What Is Underwriting Risk?

Underwriting risk is the risk of loss borne by an underwriter. In insurance, underwriting risk may arise from an inaccurate assessment of the risks associated with writing an insurance policy or from uncontrollable factors. As a result, the insurer's costs may significantly exceed earned premiums. 

Key Takeaways

  • Underwriting risk is the risk of uncontrollable factors or an inaccurate assessment of risks when writing an insurance policy.
  • If the insurer underestimates the risks associated with extending coverage, it could pay out more than it receives in premiums.
  • With securities, underwriting risk is the risk of sudden market changes or the risk of overestimating the demand for an underwritten issue.

How Underwriting Risk Works

An insurance contract represents a guarantee by an insurer that it will pay for damages and losses caused by covered perils. Creating insurance policies, or underwriting typically represents the insurer’s primary source of revenue. By underwriting new insurance policies, the insurer collects premiums and invest the proceeds to generate profit.

An insurer’s profitability depends on how well it understands the risks it insures against and how well it can reduce the costs associated with managing claims. The amount an insurer charges for providing coverage is a critical aspect of the underwriting process. The premium must be sufficient to cover expected claims but must also take into account the possibility that the insurer will have to access its capital reserve, a separate interest-bearing account used to fund long-term and large-scale projects.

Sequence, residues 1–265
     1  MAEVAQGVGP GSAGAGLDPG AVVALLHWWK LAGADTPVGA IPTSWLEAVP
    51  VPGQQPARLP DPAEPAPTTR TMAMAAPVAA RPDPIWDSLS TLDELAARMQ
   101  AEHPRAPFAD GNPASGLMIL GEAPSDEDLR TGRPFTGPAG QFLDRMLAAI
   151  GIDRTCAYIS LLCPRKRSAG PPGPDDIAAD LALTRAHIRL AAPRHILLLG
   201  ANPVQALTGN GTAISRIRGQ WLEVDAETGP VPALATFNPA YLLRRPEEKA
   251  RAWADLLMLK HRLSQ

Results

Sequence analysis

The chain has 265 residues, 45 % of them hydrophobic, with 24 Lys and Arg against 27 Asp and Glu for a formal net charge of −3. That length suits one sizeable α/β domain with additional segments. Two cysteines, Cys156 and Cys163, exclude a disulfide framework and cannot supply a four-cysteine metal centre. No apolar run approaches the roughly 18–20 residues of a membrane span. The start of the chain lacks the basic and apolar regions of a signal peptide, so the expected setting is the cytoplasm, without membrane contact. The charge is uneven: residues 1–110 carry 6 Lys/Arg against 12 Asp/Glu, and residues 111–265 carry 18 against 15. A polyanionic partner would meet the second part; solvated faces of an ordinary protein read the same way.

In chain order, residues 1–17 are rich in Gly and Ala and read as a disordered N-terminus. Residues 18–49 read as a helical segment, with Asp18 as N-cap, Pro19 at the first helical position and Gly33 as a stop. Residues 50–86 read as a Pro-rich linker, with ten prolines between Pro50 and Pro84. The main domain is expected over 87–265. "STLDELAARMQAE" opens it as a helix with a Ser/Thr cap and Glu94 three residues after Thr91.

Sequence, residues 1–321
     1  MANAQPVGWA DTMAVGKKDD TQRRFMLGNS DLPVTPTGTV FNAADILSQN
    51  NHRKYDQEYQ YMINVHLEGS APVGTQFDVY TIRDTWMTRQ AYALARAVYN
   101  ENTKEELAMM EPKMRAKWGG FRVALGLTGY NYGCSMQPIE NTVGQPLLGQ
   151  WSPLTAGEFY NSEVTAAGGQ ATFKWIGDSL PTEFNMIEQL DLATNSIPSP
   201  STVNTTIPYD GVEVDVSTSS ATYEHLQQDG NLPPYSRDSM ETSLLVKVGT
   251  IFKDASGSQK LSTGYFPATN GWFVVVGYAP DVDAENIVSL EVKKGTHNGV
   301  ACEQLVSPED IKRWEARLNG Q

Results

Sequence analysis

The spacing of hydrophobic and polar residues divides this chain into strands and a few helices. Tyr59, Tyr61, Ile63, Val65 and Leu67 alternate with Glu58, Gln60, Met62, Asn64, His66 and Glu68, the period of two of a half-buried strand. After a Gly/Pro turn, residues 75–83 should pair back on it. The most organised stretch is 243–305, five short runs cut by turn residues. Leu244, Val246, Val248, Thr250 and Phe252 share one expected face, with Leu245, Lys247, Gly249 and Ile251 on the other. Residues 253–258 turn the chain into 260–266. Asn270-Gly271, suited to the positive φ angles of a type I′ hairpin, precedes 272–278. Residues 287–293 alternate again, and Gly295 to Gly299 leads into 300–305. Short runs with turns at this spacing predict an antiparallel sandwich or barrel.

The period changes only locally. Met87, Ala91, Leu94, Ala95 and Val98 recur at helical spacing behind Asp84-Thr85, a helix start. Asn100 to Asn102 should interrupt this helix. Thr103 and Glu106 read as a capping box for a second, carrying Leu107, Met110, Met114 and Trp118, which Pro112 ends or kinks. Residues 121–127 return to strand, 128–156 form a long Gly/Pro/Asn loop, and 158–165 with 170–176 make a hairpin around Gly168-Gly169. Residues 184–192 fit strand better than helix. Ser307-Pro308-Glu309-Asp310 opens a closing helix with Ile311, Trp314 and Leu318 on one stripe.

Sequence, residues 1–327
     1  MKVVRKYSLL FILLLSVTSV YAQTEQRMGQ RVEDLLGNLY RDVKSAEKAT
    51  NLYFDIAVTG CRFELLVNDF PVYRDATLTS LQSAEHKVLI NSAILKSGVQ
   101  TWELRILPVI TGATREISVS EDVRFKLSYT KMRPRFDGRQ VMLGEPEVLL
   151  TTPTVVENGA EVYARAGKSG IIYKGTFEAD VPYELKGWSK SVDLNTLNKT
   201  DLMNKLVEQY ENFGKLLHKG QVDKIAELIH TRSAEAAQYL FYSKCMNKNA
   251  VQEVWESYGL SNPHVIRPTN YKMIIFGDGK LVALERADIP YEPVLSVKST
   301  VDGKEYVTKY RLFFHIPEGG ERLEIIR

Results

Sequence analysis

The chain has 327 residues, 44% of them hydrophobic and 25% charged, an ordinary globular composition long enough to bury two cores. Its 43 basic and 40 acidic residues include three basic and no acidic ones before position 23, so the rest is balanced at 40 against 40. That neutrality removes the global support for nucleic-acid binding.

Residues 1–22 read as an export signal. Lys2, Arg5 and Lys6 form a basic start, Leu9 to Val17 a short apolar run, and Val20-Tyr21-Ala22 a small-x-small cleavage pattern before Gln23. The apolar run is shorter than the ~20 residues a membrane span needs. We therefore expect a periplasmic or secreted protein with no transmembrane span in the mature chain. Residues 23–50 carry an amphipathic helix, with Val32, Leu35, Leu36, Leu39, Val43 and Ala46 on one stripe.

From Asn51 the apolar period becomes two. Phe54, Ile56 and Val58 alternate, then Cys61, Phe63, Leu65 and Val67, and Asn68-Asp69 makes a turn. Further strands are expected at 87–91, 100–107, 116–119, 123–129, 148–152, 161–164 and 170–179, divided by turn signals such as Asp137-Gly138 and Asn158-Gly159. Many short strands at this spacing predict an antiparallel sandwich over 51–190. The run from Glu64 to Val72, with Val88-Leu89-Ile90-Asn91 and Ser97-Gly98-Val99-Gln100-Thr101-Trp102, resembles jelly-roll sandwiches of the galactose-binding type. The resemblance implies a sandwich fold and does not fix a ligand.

In the securities industry, underwriting risk usually arises if an underwriter overestimates demand for an underwritten issue or if market conditions change suddenly. In such cases, the underwriter may be required to hold part of the issue in its inventory or sell at a loss.

Special Considerations

Determining premiums is complicated because each policyholder has a unique risk profile. Insurers will evaluate historical loss for perils, examine the risk profile of the potential policyholder, and estimate the likelihood of the policyholder to experience risk and to what level. Based on this profile, the insurer will establish a monthly premium.

If the insurer underestimates the risks associated with extending coverage, it could pay out more than it receives in premiums. Since an insurance policy is a contract, the insurer cannot claim they will not pay a claim on the basis that they miscalculated the premium.

The amount of premium that insurers charge is partially determined by how competitive a specific market is. In a competitive market composed of several insurers, each company has a reduced ability to charge higher rates because of the threat of competitors charging lower rates to secure a larger market share.

Requirements for Underwriting Risk

State insurance regulators attempt to limit the potential for catastrophic losses by requiring insurers to maintain sufficient capital. Regulations prevent insurers from investing premiums, which represent the insurer’s liability to policyholders, in risky or illiquid asset classes. These regulations exist because one or more insurers becoming insolvent due to an inability to pay claims, especially claims resulting from a catastrophe, such as a hurricane or a flood, can negatively impact local economies.

Underwriting risk is an integral part of the business for insurers and investment banks. While it is impossible to eliminate it entirely, underwriting risk is a fundamental focus for risk mitigation efforts. The long-term profitability of an underwriter is directly proportional to its mitigation of underwriting risk.